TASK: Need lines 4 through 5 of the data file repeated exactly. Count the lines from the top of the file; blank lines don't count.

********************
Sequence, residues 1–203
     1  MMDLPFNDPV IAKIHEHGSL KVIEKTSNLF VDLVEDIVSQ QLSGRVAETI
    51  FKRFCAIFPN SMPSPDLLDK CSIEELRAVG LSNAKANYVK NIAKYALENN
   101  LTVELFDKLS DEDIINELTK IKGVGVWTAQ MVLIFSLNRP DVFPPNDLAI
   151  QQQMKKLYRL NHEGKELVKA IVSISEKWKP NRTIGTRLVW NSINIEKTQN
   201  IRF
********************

   101  LTVELFDKLS DEDIINELTK IKGVGVWTAQ MVLIFSLNRP DVFPPNDLAI
   151  QQQMKKLYRL NHEGKELVKA IVSISEKWKP NRTIGTRLVW NSINIEKTQN